I remember going to see a museum exhibit of collagist and correspondence artist Ray’s Johnson’s work when I was a graduate student. The exhibit showed I was struck by his humor and the way he used visual and contextual symbols, like the bunny logo, words, and a series of images of Elvis collaged with other imagery to create a series of intimate layered portraits about his life.
Throughout his life, Johnson sent thousands of artworks through the mail. His humble pieces set the framework for a future generation of artists who would later distribute zines or web pages during the early internet days.
Regardless of the media he worked in, be it painting, photography, collage, or mixed, the language he used was coded. Johnson contributed to a number of art movements — Pop, Performance, and Conceptual Art, before he founded a mail art network known as the New York Correspondence School. Mail art (aka postal art and correspondence art) is an art movement based on sending small scale artworks through the postal service, like collage postcards.
After seeing Johnson’s exhibit, I was inspired to work with collage again and grew interested in layering them with image transfers that I studied in a printmaking class. I’ve always liked combining media and using both printmaking and photographic techniques to achieve a unique aesthetic to my art. Recently, I revisited Johnson’s correspondence artworks which led me to thinking about Marcel Duchamp’s, Robert Rauschenberg’s, and Jasper John’s collage art and the similarities/differences between their works.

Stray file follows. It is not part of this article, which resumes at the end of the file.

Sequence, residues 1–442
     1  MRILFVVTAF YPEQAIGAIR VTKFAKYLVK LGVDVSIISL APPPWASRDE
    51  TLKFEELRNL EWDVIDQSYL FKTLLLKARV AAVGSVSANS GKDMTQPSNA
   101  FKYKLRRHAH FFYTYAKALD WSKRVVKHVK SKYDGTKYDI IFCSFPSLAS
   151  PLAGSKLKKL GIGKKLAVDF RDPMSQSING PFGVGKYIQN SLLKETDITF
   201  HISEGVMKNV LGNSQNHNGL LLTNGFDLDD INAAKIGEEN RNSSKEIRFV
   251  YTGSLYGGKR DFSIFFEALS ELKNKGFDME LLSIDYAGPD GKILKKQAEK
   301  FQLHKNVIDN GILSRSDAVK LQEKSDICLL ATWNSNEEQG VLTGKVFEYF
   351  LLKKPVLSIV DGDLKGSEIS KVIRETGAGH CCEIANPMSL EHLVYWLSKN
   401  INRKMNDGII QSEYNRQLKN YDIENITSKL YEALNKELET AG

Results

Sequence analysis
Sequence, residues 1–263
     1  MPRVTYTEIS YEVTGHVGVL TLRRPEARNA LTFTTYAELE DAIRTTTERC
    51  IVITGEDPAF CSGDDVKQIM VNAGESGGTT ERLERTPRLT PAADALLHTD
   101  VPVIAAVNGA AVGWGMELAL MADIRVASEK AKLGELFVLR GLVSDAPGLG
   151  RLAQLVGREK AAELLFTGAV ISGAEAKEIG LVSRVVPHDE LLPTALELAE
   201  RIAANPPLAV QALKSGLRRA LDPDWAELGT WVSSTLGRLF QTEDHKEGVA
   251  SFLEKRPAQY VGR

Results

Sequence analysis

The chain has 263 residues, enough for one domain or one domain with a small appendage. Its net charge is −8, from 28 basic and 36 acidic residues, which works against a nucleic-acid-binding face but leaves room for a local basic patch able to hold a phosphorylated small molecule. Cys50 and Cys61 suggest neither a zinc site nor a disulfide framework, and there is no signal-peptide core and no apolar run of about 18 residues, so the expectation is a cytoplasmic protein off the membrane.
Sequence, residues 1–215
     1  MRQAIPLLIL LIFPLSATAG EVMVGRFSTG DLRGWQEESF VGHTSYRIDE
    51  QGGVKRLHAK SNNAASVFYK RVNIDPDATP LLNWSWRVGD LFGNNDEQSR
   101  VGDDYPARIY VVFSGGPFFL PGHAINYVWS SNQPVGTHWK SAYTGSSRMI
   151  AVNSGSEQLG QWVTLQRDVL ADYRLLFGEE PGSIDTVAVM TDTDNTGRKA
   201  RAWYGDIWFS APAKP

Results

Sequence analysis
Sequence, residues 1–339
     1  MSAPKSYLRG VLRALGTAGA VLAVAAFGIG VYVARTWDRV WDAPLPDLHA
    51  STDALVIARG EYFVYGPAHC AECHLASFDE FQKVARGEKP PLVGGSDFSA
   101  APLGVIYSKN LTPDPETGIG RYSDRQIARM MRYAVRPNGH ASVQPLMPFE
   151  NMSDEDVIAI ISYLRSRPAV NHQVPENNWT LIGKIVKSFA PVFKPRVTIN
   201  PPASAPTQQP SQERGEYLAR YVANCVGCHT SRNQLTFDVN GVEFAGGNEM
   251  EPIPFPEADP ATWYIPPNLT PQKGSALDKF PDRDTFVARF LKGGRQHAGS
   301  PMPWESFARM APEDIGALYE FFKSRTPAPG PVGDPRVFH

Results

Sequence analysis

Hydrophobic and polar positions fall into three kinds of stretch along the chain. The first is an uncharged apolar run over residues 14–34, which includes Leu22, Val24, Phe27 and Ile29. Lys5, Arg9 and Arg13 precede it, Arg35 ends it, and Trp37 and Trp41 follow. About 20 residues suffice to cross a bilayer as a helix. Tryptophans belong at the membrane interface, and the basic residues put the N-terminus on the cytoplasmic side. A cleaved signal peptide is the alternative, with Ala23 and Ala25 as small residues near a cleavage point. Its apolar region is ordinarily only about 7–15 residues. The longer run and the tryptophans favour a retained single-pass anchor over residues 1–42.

I decided to turn my inspiration into a class on how to make mail art using basic collage techniques along with a simple image transfer technique using clear packing tape and vintage magazines (photocopies of photographs and illustrations work well too!). I recently launched the class on Skillshare (a global learning community to create, connect, and collaborate with students around the globe), which you can sign up for here if you like.
Earlier this morning, I discovered this cool mail art project between artists, Stefanie Posavec and Giorgia Lupi. Posavec lives in London; Lupi resides in New York. After meeting twice and discovering a mutual fascination with each other’s work, they started a year-long analog data-drawing collaboration project called Dear Data.
According to their Dear Data website, this is how the project works: “Each week, and for a year, we collected and measured a particular type of data about our lives, used this data to make a drawing on a postcard-sized sheet of paper, and then dropped the postcard in an English ‘postbox’ (Stefanie) or an American ‘mailbox’ (Giorgia)! Eventually, the postcard arrived at the other person’s address with all the scuff marks of its journey over the ocean: a type of ‘slow data’ transmission.”
Anyway, I’d love to see you in class and if you know other artsy types who might like to join you, spread the word and let’s make some mail art!
Until next time…